Resonant wireless power systems use loosely-coupled, highly-resonant coils that are tuned to high frequencies (6.78 MHz or 13.56 MHz). The AirFuel Alliance has developed the standard for resonant wireless power applications. They address convenience-of-use issues such as source to device distance, device orientation on the source, multiple devices on a single source, higher power capability, simplicity of use, and imperfect placement.
Gallium nitride transistors can be used to improve the efficiency of DC-DC conversion. In this white paper we look at a new application that is being enabled by gallium nitride technology that has been difficult to implement using traditional silicon MOSFET power devices.
Photo-Voltaic (PV) inverter size and cost are dominated by thermal management and passive elements used for bulk energy storage and filtering. Using eGaN FETs to increase efficiency and/or increase switching frequency will reduce the size and cost of the system.
Even though the eGaN FET was designed and optimized as a power-switching device, it also exhibits good RF characteristics. EPC’s small 200 V eGaN FET was selected for RF evaluation and should be viewed as a starting point from which the RF characteristics of future eGaN FET part numbers can be optimized for even better RF performance at higher frequencies.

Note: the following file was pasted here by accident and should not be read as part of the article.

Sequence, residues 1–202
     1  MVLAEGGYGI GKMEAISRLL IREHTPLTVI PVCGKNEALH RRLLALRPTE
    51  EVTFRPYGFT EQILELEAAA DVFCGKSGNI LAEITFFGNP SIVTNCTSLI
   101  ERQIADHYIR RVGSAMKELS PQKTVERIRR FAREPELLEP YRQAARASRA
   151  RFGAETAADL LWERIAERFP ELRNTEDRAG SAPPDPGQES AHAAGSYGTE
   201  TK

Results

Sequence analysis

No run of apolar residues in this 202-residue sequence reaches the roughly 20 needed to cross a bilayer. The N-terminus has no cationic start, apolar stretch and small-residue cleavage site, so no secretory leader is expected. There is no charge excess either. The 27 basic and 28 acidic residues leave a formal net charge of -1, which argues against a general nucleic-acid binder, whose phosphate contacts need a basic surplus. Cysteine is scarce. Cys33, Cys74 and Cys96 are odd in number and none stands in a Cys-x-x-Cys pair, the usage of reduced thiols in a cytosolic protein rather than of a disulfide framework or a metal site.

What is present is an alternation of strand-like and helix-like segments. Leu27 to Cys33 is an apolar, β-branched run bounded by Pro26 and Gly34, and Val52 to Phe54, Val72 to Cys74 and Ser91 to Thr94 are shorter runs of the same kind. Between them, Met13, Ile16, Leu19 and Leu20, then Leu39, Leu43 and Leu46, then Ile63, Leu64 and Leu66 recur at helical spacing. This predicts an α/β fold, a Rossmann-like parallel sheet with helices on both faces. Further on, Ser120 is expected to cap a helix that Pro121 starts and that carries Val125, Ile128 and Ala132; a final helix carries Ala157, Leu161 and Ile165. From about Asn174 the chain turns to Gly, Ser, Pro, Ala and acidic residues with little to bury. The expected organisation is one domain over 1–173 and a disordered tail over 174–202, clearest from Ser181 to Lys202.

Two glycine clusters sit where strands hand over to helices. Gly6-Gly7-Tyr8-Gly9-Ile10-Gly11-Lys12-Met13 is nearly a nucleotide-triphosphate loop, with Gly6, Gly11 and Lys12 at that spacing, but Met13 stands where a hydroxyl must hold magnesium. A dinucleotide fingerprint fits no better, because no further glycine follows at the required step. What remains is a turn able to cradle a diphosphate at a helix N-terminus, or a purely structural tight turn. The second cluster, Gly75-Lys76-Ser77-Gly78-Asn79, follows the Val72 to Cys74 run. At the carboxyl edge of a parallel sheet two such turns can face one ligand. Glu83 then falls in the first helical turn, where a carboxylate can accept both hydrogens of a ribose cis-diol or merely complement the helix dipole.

In this white paper eGaN FET technology is applied in a high frequency resonant converter. Previously, the advantages provided by eGaN FETs in hard switching isolated and non-isolated applications were addressed. This paper will demonstrate the ability of the eGaN FET to improve efficiency and output power density in a soft switching application, as compared to what is achievable with existing power MOSFET devices.
DC-DC converter designers can achieve higher power density at lower power levels by using forward converters with synchronous rectification and gallium nitride transistors. One very typical application is a 26 W, 48 V to 5 V , Power over Ethernet Powered Device (PoE-PD).
DC-DC converter designers can achieve low cost at low power densities by using flyback converters and enhancement mode gallium nitride transistors. To evaluate the performance of eGaN FETs in a flyback converter, two different converter designs were created and compared to MOSFET equivalent versions of the same design.
Improvements in buck converters over the past few years have been limited by the power MOSFET’s sedate switching speeds which, in this “hard-switched” topology, translates into lower power conversion frequencies (size and cost), lower efficiency (size and cost), and lower VIN/VOUT ratios (less efficient power management systems). In this paper we show that eGaN FETs unlock a new spectrum of performance that can be translated into significant power conversion system cost and performance improvements.